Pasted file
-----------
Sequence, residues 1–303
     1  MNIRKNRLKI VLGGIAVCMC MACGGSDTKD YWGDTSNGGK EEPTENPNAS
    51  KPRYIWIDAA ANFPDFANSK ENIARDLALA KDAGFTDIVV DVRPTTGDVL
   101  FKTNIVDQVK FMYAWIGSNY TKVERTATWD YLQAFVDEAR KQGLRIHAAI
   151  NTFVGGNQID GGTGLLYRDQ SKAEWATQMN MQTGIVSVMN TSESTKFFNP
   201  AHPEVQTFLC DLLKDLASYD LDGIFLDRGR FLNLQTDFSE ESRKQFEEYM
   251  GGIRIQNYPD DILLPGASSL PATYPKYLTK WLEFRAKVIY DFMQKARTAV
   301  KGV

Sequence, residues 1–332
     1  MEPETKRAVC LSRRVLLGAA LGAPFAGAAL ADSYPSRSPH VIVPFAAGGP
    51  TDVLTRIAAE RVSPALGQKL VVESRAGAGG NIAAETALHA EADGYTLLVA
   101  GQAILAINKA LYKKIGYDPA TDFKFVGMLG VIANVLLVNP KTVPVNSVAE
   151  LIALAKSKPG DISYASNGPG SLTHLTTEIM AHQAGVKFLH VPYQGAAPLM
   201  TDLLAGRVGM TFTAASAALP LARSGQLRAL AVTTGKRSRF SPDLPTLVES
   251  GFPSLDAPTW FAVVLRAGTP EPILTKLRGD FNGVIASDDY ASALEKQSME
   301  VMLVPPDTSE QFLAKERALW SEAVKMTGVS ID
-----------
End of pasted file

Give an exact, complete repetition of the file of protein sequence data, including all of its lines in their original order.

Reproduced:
Sequence, residues 1–303
     1  MNIRKNRLKI VLGGIAVCMC MACGGSDTKD YWGDTSNGGK EEPTENPNAS
    51  KPRYIWIDAA ANFPDFANSK ENIARDLALA KDAGFTDIVV DVRPTTGDVL
   101  FKTNIVDQVK FMYAWIGSNY TKVERTATWD YLQAFVDEAR KQGLRIHAAI
   151  NTFVGGNQID GGTGLLYRDQ SKAEWATQMN MQTGIVSVMN TSESTKFFNP
   201  AHPEVQTFLC DLLKDLASYD LDGIFLDRGR FLNLQTDFSE ESRKQFEEYM
   251  GGIRIQNYPD DILLPGASSL PATYPKYLTK WLEFRAKVIY DFMQKARTAV
   301  KGV

Sequence, residues 1–332
     1  MEPETKRAVC LSRRVLLGAA LGAPFAGAAL ADSYPSRSPH VIVPFAAGGP
    51  TDVLTRIAAE RVSPALGQKL VVESRAGAGG NIAAETALHA EADGYTLLVA
   101  GQAILAINKA LYKKIGYDPA TDFKFVGMLG VIANVLLVNP KTVPVNSVAE
   151  LIALAKSKPG DISYASNGPG SLTHLTTEIM AHQAGVKFLH VPYQGAAPLM
   201  TDLLAGRVGM TFTAASAALP LARSGQLRAL AVTTGKRSRF SPDLPTLVES
   251  GFPSLDAPTW FAVVLRAGTP EPILTKLRGD FNGVIASDDY ASALEKQSME
   301  VMLVPPDTSE QFLAKERALW SEAVKMTGVS ID